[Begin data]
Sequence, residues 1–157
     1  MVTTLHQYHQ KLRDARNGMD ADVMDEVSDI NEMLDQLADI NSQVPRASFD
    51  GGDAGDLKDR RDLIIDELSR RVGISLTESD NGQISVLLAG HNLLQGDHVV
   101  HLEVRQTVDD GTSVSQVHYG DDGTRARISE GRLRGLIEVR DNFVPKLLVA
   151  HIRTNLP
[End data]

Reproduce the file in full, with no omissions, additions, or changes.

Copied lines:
Sequence, residues 1–157
     1  MVTTLHQYHQ KLRDARNGMD ADVMDEVSDI NEMLDQLADI NSQVPRASFD
    51  GGDAGDLKDR RDLIIDELSR RVGISLTESD NGQISVLLAG HNLLQGDHVV
   101  HLEVRQTVDD GTSVSQVHYG DDGTRARISE GRLRGLIEVR DNFVPKLLVA
   151  HIRTNLP